Why not in your backyard? On the location and size of a public facility
In this paper, we tackle the issue of locating and sizing a public facility which provides a public good in a closed and populated territory and generates differentiated benefits to households. In the case of a “Nimby” (“Imby”) facility, the smaller is the distance, the smaller (larger) is the individual benefit. Multiple solutions may arise in both cases, and we derive sufficient conditions for uniqueness in both cases. Optimal decisions on location and size are interrelated and depend on the complementarity or substitutability properties of size and distance in the utility function. Then we introduce a common-agency lobbying game, where agents attempt to influence the location and provision decisions by the government. Even when only a subset of households lobbies, the solution of the lobbying game can replicate the optimal solution. Under-provision or over-provision of the public good may be obtained both in the Nimby and the Imby cases. Finally, some non-lobbying households may be better off than in the case where all households lobby, which raises the possibility of free-riding at the lobbying stage.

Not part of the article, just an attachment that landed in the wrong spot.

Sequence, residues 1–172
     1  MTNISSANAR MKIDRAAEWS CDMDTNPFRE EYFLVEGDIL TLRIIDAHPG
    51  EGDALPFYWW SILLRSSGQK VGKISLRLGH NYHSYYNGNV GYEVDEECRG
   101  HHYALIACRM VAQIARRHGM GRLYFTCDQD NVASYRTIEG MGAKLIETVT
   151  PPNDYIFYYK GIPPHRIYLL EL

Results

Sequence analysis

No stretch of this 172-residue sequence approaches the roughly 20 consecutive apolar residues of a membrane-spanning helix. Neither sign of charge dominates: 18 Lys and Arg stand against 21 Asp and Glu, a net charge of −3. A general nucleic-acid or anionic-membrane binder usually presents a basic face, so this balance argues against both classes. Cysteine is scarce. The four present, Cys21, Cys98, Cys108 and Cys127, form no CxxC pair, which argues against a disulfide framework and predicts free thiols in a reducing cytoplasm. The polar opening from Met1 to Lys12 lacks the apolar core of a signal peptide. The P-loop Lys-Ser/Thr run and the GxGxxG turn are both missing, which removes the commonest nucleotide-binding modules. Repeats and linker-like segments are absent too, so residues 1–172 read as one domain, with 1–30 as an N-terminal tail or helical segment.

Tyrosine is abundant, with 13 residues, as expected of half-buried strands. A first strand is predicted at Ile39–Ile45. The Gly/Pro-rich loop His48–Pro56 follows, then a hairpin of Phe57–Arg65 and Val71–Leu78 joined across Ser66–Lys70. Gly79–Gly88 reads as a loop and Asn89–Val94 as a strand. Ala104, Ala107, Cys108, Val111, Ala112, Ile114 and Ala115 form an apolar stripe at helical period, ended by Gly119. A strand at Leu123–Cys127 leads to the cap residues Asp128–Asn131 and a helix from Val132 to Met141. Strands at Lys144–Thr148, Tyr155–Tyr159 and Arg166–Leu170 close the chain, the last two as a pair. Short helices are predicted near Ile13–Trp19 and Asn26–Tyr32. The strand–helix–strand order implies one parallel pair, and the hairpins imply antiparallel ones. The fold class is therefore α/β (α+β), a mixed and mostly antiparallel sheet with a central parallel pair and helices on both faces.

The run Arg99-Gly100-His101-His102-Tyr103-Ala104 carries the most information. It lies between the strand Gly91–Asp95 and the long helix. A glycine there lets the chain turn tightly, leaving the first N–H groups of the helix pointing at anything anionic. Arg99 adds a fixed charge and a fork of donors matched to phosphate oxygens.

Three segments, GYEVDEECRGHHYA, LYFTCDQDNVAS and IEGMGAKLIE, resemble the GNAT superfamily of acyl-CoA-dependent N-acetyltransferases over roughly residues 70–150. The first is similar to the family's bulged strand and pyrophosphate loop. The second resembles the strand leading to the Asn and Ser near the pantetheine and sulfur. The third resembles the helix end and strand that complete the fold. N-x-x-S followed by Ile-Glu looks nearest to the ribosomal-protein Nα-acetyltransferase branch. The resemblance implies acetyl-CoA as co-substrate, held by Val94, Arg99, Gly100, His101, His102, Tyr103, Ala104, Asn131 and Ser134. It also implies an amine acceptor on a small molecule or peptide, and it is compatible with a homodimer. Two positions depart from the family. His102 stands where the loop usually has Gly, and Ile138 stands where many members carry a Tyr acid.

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Volume (Year): 43 (2013)
Issue (Month): 1 ()
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